Chicken Malai Tikka

I wrote recently about our Tandoor Cooking Party in Delhi, India and promised some recipes.  First up? Chicken Malai Tikka.

Now, realize that we transcribed the recipes as the chef explained the process, so there is some room for potential error. Like when he said “1 teaspoon of salt” it actually is closer to 1 tablespoon.  It seems to me though that since most of the measuring concerns spices, you can play around and adjust, and experiment!

 DSC_1484

For the purposes of this recipe though, one heaping spoon is equivalent to 1 Tablespoon.

 Chicken Malai Tikka

Blend all below items into a paste for Marinade #1 :
5 slices amul cheese (processed cheese)
2 heaping spoons green chile
1/2 heaping spoon white pepper
1/2 heaping spoon green cardamom powder
30 grams cashews
1 heaping spoon salt
4 coriander stems

DSC_7773

Marinate 1/2 kg of chicken, cut into large cubes (big enough to not fall apart on a skewer) and sprinkle a large spoonful of salt over all, as well as mixing in 3 heaping spoons of mixed ginger and garlic paste. Marinate for ONE hour and then drain any excess water.  

Add 4-5 heaping spoons of fresh cream to the #1 marinade.  Also add 2 heaping spoons of hung curd (I just use regular greek yogurt), salt to taste and white pepper plus black cumin (1/2 heaping spoon of each)

[hung curds in India, is yogurt that has been placed in cheesecloth or a very fine mesh colander and left to sit until all of the liquid has drained] … interesting to note : the salt in the marinade provides a breakdown in the meat in order to let the marinade penetrate and tenderize the meat! The cream and yogurt in the marinade is what helps the chicken retain its moisture when being cooked at such high temperatures!]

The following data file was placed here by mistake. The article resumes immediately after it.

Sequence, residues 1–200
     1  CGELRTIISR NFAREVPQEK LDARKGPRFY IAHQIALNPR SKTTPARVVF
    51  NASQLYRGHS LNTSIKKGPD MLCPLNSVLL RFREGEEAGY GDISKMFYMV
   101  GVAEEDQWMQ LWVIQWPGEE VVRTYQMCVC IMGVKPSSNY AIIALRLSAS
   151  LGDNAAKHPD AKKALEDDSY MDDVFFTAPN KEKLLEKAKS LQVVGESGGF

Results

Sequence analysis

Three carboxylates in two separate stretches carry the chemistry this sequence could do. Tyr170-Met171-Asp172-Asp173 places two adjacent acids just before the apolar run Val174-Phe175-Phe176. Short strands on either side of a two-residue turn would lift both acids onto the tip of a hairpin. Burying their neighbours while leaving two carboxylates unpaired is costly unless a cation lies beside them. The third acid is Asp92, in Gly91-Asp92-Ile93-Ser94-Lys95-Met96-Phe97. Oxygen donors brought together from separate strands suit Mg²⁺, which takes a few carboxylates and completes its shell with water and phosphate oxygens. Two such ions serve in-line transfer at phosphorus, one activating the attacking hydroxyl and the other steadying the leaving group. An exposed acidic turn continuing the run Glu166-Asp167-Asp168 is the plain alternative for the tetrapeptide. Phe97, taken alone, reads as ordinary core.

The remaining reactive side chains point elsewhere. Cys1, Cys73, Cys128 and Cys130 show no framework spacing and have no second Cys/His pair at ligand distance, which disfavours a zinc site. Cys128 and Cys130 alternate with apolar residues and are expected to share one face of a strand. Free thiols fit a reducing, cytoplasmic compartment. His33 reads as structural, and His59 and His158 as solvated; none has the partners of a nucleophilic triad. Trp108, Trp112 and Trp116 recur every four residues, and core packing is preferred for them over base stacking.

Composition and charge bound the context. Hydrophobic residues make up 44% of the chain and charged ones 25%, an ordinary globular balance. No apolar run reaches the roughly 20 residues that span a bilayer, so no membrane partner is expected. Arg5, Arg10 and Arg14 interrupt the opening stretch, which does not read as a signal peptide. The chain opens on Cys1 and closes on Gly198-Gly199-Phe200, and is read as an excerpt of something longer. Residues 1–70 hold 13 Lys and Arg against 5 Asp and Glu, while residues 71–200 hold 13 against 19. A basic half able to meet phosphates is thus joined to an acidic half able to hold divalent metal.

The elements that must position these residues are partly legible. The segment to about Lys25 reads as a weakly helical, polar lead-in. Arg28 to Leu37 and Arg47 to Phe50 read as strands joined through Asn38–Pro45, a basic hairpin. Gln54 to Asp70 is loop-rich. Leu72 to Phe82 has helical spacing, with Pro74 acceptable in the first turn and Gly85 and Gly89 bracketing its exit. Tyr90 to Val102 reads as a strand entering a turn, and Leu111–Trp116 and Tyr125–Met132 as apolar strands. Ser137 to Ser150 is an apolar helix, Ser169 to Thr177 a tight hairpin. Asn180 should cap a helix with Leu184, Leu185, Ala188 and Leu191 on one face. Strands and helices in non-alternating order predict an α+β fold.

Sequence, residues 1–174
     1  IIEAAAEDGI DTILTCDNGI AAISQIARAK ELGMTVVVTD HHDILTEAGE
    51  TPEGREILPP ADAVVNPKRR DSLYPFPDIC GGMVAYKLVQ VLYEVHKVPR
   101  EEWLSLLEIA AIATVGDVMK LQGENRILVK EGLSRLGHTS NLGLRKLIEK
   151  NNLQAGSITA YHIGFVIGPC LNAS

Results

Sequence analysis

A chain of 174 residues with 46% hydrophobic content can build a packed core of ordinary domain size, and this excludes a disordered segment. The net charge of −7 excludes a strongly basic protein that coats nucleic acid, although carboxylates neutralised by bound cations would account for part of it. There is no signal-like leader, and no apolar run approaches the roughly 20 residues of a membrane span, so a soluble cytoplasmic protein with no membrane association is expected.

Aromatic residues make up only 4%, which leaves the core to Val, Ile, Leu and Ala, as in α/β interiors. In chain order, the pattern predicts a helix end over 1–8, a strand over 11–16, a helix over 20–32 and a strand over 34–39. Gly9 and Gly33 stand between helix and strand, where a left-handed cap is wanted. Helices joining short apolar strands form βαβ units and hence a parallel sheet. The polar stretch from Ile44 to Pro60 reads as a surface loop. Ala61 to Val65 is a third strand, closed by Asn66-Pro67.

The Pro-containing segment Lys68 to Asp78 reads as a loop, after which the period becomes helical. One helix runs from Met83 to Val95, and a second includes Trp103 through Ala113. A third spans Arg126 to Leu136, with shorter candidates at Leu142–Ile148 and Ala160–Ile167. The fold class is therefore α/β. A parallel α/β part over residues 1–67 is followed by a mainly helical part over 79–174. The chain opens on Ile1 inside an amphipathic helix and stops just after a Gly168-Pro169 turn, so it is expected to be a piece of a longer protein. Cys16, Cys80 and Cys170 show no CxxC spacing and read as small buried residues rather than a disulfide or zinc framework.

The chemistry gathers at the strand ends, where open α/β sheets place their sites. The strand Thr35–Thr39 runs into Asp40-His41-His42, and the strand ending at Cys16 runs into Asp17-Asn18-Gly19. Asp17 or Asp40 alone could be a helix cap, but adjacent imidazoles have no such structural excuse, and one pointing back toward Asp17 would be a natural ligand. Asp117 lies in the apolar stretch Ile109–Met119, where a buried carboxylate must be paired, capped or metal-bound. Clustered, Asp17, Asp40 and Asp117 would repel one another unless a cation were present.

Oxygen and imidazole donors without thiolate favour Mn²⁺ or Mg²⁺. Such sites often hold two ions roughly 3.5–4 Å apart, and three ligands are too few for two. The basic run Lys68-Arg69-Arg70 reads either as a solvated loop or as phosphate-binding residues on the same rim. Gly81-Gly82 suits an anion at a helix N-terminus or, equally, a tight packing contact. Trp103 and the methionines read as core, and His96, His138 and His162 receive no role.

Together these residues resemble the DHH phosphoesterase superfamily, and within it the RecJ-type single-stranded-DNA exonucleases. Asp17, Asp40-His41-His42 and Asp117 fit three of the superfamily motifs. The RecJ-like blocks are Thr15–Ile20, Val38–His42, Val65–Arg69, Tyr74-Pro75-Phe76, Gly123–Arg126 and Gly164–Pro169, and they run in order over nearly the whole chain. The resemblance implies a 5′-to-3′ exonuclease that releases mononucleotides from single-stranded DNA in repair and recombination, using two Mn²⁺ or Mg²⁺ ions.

Chicken_Malai_Tikka

Add chicken and marinate for 5 hours before skewering and cooking.  Place in tandoori oven for approximately 8-15 minutes (depending on how hot your tandoor is!) or until chicken is cooked through.

Now, I can just imagine the question … do I HAVE to own a tandoor oven to make these recipes?  According to a quick google search I just did, the answer is NO!  The reason a tandoor works is because of the high temperatures it can achieve, so a very hot oven (500° F) or a very hot grill appropriately mimics the tandoor.  

I’d love to hear if any of you without tandoor ovens try these recipes with an oven or grill, and how they turn out!

Soon, I’ll share an amazing recipe for Fruit Chaat !!

Pink Peppercorn Lemon Thyme : 40 Days in my Drawers

40 DAYS

TOTALLY easy this week!  No recipe needed.

This stuff is amazing on some pork loins, with olive oil drizzled over the top, some fork stabs added in for good measure and a spla-oosh of sesame oil (because I am addicted). Bake in a 375° degree oven for about 18 minutes (to be honest, I didn’t time it. I just kept checking).

Mouth watering and ZERO leftovers. Who knew pink peppercorn could be so amazing?

Tandoori Cooking

When you are friends with really kooky women, a simple conversation starts with “wouldn’t it be fun to have a tandoor oven” which quickly turns into “I know where to buy them, and for CHEAP!” which of course, turns into “and wouldn’t it be great to all LEARN how to cook with them?”

Firing up the ovens ::

This slideshow requires JavaScript.

The chefs came bearing smiles and the ingredients! We all brought our lovely cooks, so they too could learn the art of tandoori cooking.

This slideshow requires JavaScript.

Fruit Chaat ::

This slideshow requires JavaScript.

Learning all about properly rolling naan balls and slapping them to the side of the tandoor ::

What an amazing time spent together, learning and exploring the art of tandoor cooking.  Getting to know new friends better, and laughing and cohorting with old friends.

 

This slideshow requires JavaScript.

 

Recipes will soon follow.  Promise.